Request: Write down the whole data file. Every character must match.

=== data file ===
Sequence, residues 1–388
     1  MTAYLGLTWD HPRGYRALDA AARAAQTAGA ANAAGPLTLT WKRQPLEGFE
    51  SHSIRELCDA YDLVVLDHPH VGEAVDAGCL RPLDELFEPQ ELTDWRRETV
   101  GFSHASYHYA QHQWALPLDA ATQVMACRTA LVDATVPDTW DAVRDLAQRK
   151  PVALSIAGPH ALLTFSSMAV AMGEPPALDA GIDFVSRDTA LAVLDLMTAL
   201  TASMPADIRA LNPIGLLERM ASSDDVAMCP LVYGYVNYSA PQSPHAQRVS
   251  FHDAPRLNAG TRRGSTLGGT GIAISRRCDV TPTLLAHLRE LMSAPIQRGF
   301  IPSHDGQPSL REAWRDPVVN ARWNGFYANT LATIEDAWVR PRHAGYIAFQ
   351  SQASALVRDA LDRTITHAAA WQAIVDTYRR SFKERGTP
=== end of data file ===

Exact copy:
Sequence, residues 1–388
     1  MTAYLGLTWD HPRGYRALDA AARAAQTAGA ANAAGPLTLT WKRQPLEGFE
    51  SHSIRELCDA YDLVVLDHPH VGEAVDAGCL RPLDELFEPQ ELTDWRRETV
   101  GFSHASYHYA QHQWALPLDA ATQVMACRTA LVDATVPDTW DAVRDLAQRK
   151  PVALSIAGPH ALLTFSSMAV AMGEPPALDA GIDFVSRDTA LAVLDLMTAL
   201  TASMPADIRA LNPIGLLERM ASSDDVAMCP LVYGYVNYSA PQSPHAQRVS
   251  FHDAPRLNAG TRRGSTLGGT GIAISRRCDV TPTLLAHLRE LMSAPIQRGF
   301  IPSHDGQPSL REAWRDPVVN ARWNGFYANT LATIEDAWVR PRHAGYIAFQ
   351  SQASALVRDA LDRTITHAAA WQAIVDTYRR SFKERGTP